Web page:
Detroit Schools Official On State Of System Education Secretary Arne Duncan has called Detroit's schools a "national disgrace." The system suffers from budget deficits, corruption and a falling student population. Detroit Public Schools Emergency Financial Manager Robert Bobb, the official who will decide whether the school system will file for bankruptcy protection by the end of the summer, discusses the financial state of the Detroit Public School system.
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Detroit Schools Official On State Of System

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Detroit Schools Official On State Of System

Detroit Schools Official On State Of System

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Here's one small piece of solace for California schools: Detroit has it worse. If you were leading the Detroit Public Schools, here are some numbers you'd have to live with. In 2002, you had 160,000 kids in the system. By next year, you expect to have 83,000. You have 104 schools with 41 failing so badly, you've just told all 2,600 teachers who work at them that they'll have to re-interview for their old jobs. The schools are flirting with Chapter 9 bankruptcy. They are, according to U.S. Education Secretary Arne Duncan, a national disgrace.

All that is the reality for Robert Bobb, spelled B-O-B-B. He has managed cities and school systems from California to Michigan and Washington, D.C. And he is now the emergency financial director of Detroit's public schools. And given the alternatives, Robert Bobb sees the upside to bankruptcy.

Mr. ROBERT BOBB (Emergency Financial Director, Detroit Public Schools): It gives us the opportunity to set aside all of our labor contracts with the various labor unions that we have, that includes teachers. And also, it gives us an opportunity to restructure some of our debt.

SIEGEL: You've had some pretty big corporate bankruptcies in Michigan recently. Would you prefer bankruptcy to going on with your current contracts and your debts, as they're now structured?

Mr. BOBB: Well, we've renegotiated with some our creditors. And now we hear the argument that were we to choose Chapter 9 bankruptcy, it would cause great damage, as it were, to our school system's reputation. But it is one of those options that we cannot afford to dismiss as a non-option.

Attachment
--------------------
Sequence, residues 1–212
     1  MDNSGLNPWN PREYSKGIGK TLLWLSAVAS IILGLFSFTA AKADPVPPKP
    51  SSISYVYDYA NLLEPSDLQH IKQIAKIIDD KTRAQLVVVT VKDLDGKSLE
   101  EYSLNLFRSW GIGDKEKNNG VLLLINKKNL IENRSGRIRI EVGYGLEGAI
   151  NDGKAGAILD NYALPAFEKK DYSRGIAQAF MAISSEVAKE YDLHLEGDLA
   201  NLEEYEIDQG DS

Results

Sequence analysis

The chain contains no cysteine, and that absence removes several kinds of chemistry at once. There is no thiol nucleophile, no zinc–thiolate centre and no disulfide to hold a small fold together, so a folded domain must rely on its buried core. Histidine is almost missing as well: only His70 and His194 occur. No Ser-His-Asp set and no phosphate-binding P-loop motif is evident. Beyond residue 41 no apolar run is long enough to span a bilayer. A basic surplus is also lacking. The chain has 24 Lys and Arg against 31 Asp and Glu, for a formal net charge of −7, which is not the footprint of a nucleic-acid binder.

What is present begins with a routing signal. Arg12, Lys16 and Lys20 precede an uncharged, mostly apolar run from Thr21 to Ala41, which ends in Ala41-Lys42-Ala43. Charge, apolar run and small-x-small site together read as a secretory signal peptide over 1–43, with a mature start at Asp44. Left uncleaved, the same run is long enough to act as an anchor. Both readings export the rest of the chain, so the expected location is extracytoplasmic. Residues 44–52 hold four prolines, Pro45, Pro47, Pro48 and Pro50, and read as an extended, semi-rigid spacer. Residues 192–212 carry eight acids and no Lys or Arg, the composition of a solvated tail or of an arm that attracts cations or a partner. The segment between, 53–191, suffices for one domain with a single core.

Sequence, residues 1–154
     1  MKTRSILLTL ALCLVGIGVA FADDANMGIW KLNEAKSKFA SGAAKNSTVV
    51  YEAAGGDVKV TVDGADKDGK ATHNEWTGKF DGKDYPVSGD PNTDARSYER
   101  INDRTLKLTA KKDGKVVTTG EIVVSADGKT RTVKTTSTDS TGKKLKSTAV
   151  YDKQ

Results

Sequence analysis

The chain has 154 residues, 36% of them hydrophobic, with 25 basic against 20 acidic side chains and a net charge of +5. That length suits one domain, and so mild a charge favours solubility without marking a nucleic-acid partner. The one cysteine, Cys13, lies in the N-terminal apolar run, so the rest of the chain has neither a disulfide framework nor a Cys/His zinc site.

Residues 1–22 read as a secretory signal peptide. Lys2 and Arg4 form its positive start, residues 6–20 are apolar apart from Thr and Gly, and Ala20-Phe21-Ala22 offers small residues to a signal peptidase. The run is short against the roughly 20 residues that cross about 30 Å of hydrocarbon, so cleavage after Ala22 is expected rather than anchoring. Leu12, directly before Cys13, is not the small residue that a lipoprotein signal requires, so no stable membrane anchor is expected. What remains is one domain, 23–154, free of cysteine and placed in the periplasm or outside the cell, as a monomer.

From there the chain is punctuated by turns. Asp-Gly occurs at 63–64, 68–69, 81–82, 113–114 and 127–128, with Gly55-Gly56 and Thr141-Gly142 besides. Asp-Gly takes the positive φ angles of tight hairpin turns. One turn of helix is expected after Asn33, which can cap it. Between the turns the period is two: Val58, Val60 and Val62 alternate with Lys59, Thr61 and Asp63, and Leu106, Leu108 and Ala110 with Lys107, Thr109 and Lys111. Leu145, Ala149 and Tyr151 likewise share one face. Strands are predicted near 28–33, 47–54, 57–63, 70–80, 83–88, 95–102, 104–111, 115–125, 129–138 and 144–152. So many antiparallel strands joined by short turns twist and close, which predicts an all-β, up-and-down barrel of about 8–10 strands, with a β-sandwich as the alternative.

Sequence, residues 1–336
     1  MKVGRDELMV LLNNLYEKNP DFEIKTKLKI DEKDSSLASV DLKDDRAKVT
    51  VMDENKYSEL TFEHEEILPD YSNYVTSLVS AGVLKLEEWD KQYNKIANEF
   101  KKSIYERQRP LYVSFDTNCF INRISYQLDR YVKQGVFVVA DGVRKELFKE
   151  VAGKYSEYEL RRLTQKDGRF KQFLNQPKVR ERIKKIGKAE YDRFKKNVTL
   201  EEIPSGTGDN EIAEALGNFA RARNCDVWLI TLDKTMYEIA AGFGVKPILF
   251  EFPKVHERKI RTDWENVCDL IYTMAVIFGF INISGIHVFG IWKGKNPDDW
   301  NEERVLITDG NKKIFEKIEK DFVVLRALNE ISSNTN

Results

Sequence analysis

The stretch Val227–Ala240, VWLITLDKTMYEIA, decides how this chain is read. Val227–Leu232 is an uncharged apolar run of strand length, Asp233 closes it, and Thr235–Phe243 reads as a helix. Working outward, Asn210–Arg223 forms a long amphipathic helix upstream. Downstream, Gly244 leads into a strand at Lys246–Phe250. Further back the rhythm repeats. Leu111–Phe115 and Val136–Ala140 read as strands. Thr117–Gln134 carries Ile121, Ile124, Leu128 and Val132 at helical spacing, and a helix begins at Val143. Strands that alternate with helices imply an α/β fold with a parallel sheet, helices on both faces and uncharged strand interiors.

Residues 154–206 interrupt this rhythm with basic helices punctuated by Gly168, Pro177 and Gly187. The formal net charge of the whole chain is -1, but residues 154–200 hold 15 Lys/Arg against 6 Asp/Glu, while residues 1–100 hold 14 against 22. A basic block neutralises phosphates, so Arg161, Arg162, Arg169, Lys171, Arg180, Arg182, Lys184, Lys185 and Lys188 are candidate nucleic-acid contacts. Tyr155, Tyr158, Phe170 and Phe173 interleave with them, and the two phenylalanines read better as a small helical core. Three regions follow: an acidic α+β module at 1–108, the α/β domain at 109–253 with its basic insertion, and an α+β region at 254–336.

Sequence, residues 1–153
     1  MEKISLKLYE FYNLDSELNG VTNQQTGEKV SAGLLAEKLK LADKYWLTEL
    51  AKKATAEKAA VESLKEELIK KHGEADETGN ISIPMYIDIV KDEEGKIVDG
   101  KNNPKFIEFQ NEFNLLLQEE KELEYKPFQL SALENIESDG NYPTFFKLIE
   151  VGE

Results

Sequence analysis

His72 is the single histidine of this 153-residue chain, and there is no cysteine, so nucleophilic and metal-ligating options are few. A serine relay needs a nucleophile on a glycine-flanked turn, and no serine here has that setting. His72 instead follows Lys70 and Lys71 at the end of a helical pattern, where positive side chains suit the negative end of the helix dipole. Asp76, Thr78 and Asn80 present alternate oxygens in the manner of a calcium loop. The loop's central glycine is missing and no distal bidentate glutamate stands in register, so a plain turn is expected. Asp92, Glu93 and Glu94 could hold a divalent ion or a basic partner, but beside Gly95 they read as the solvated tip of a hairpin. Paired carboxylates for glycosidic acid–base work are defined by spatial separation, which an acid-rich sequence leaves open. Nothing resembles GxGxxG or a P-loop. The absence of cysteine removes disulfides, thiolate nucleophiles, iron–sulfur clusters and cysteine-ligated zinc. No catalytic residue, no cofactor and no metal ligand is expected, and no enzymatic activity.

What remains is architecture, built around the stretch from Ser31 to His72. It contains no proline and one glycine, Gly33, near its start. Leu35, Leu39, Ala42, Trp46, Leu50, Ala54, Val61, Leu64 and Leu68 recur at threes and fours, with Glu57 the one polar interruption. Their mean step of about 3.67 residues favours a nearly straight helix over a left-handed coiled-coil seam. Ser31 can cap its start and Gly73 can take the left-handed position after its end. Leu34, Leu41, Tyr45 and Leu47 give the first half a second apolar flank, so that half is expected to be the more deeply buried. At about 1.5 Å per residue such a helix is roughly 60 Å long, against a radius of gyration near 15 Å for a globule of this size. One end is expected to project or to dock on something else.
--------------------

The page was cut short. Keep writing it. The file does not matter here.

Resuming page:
SIEGEL: Mr. Bobb, given your experience in California, in Washington, D.C., elsewhere in Michigan, what is it about Detroit that strikes you as unique to Detroit and different from the experiences you've had elsewhere?

Mr. BOBB: Well, what is unique here is the fact that in these other jurisdictions, they did not experience, you know, seven consecutive years of over-spending. The other jurisdictions that I've been involved in have had a much more disciplined approach to budgeting and finance. And when revenues were reduced, they did not hesitate to go through a very rigorous process to bring expenditures in line with the revenues that were available. Detroit…

SIEGEL: And in Detroit, when revenues went down?

Mr. BOBB: We continued to spend, and that's why we're in the deep financial deficit that we're in.

SIEGEL: So you're paying the price of a city that violated what would seem to be a fairly obvious lesson, which is you can't spend what you don't have.

Mr. BOBB: Candidly, the old adage of, you know, the sins of the fathers and mothers are now upon the current children of the system.

SIEGEL: For ineptitude, for corruption, for maladministration, for what? How do you judge what you're finding there as you sift through the legacy that you're managing?

Mr. BOBB: For all of those examples you just cited, we've experienced, you know, corruption within the system, obviously the over-spending which has taken place. This is a school system that rewarded vendors more than it rewarded children. But when it comes down to the tough decisions that would put in place systems, remove personnel - those decisions were, you know, were not made.


Mr. BOBB: And so we're paying a price.

SIEGEL: You're saying we love children but we also really love our jobs, is what you're...

(Soundbite of laughter)

Mr. BOBB: We didn't operationalize our love for children.

SIEGEL: Is it fixable or have you reached a point where, I mean you've lost - or you will have lost about 50 percent almost of the student population in less than a decade. The problems you've recited are just colossal. Is there some point when you just say, just go to charter schools? Rethink the whole thing. Shutdown the public school system.

Mr. BOBB: We will never shutdown the public school systems. The school district is fixable. It will survive and it will grow stronger. You know, we may have to grow smaller to go stronger, but it will survive.

SIEGEL: Well, Mr. Bobb, thank you very much for talking with us today.

Mr. BOBB: Well, thank you, Robert. Appreciate it.

SIEGEL: Robert Bobb, who is the emergency financial manager of the Detroit public schools.

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